Of course, if we had an index file we could look it up in the index file under “index file”. - Tegan Jovanka (Janet Fielding) in “Castrovalva”
Some of you may forget that before I was a whore I was a librarian, and the aptitude for both professions is rooted deep in my psyche. I talk about my whore-nature often enough, but today I want to talk about my librarian-nature, which is every bit as strong. Since I was a small child I had a passion for organizing things; my toys and games were returned neatly to their boxes after play, I was very regular in my habits, and I had little rituals about virtually everything I did. For example, at Halloween and Easter I would never gorge on candy, but instead budgeted myself one piece after every meal so I could make it last for weeks. This orderliness even extended to the eating process itself; for example, when eating M&Ms I would dump the bag out onto a table, make separate piles of each color and then eat one at a time out of each pile until they were all gone. And though I outgrew most of the petty rituals as I aged, I still have a passion for organization which infuses every important activity.
Observant readers will have noticed that I’m frightfully well-organized; I daresay few bloggers post exactly once a day, no more or less, at exactly the same time every day (with that time calculated so that all my subscribers are notified on the date of the post no matter where they are in the world). My columns mostly fall between 750-1500 words, and the exceptions prove the rule by being extremely predictable. Nearly everything about the blog, from the epigrams to the number and placement of pictures to the days on which certain types of column appear every week or every month, follows some rule (and even the deviations are governed by other rules). I already have some columns scheduled (though not written) well into March, and I chose the topic for this coming January 22nd almost a year in advance. No, I’m not that obsessive; I just like publishing columns about historical people or events on significant dates, and I happened to notice this one while researching something else.
Without all this order and organization, this blog would be impossible to use as a reference; it will reach 900 posts before the end of this month, so some logical structure is necessary to keep it from being nothing more than a chaotic mass of essays. I therefore thought y’all might appreciate a short tutorial on how to look things up in my indexing system. Back in April I published “Guided Tour”, which provided an overview of the blog’s layout, but today’s essay specifically concentrates on index features (and besides, a few things have changed since April).
Let’s start with the index pages, which are accessed via tabs at the top of the page. If you stop your cursor on the “Index” tab, you’ll see a drop-down menu of five subject indexes; clicking on the main tab instead will bring you to the title index, which is good if you already know the name of the column you’re looking for. In order to avoid long strings of similar titles, regular features like “That Was the Week That Was” and “Q & A” appear in sub-pages which can be reached by clicking on the feature’s name in the title index. If, on the other hand, you aren’t looking for a specific post but rather trying to see what I have written on a given topic, the subject index is what you’re looking for; each entry is a hyperlink, so if you look up, say, Buzz Aldrin (under “Aldrin, Buzz”) you’ll see that I mention him once, and can click on the name of that post to be taken directly to it in a new window.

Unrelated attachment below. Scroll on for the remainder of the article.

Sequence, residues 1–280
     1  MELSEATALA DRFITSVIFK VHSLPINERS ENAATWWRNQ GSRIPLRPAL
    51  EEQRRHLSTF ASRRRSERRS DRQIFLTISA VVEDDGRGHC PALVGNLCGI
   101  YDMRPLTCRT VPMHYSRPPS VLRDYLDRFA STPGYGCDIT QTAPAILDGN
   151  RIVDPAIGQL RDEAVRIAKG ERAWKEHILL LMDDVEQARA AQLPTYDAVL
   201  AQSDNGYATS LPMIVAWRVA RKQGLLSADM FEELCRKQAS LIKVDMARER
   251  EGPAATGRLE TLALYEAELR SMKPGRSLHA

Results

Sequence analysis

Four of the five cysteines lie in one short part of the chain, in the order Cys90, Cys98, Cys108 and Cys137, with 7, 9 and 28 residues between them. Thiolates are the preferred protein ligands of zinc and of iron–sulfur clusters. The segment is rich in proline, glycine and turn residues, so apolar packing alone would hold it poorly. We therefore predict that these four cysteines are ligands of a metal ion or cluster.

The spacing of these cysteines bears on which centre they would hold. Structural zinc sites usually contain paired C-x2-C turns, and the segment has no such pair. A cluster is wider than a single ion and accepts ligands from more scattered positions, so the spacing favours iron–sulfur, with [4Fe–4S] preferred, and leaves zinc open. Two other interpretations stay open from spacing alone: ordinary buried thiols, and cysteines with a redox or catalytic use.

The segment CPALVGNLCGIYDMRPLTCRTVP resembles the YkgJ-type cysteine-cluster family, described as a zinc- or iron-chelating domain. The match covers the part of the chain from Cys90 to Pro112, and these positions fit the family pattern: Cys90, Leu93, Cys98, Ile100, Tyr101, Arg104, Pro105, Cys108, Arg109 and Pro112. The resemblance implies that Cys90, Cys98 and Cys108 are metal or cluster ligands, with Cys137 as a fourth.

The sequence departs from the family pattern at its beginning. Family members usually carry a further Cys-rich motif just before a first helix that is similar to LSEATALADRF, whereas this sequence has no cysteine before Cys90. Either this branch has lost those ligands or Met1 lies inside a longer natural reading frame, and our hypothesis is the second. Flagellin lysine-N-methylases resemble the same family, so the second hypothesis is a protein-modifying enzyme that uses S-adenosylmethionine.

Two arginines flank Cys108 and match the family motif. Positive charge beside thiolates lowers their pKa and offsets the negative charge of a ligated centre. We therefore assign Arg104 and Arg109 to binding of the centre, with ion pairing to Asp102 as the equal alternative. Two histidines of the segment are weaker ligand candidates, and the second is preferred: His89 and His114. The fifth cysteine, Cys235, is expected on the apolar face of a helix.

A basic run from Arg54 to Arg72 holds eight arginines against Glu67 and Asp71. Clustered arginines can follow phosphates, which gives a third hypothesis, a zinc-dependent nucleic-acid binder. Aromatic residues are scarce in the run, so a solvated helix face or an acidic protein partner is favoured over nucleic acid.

The categories and tags which appear at the bottom of every column provide another handy means of cross-reference. If you’ve never explored these, take a moment to look at the end of this one; you’ll notice that categories and tags alike are clickable, and will take you to a reverse-chronological list of every column to date which shares the category or tag you clicked on. This isn’t really helpful if the topic is one that comes up often (e.g., “cops”, “dirty” and “ethics”), but is dynamite if you enjoyed a particular type of post (say, harlotography or fictional interlude) and want a list of all the other ones of that type.
There is one more system of internal organization I’d like to discuss today, and that’s the reference links in TW3 columns. You’ve probably noticed that almost every item in those columns has a name referring back to an earlier column; well, that name is a link, and will take you back to the original column to which it refers. Let’s say you’ve just read a news item on sex robots; the title over the story would be “The Pygmalion Fallacy” (which was my very first column on the subject), and clicking the link would take you to it. If you really like that column, too, and you want to see everything I’ve written about sex robots, just scroll down to the tags at the bottom and you’ll see that there’s a “Pygmalion Fallacy” tag (alphabetized under “the” because computers are high-speed morons); because most items about sex robots appeared under that title, the link would show you most of them. If the title of the column does not appear as a tag at the bottom, it means that it has at most one update (a second one earns it a tag). And if you just can’t get enough robots, you could then look in the subject index under “robots” to find other columns in which they were mentioned.
Well, those are the basics; the index grows with every post, and I’m currently involved in a long-term project to make the tags even more useful. If any of you have any questions about how something works, please ask it in the comments; I’d like this blog to be informative as well as entertaining, and the easier it is to find what you’re looking for, the more we accomplish that goal.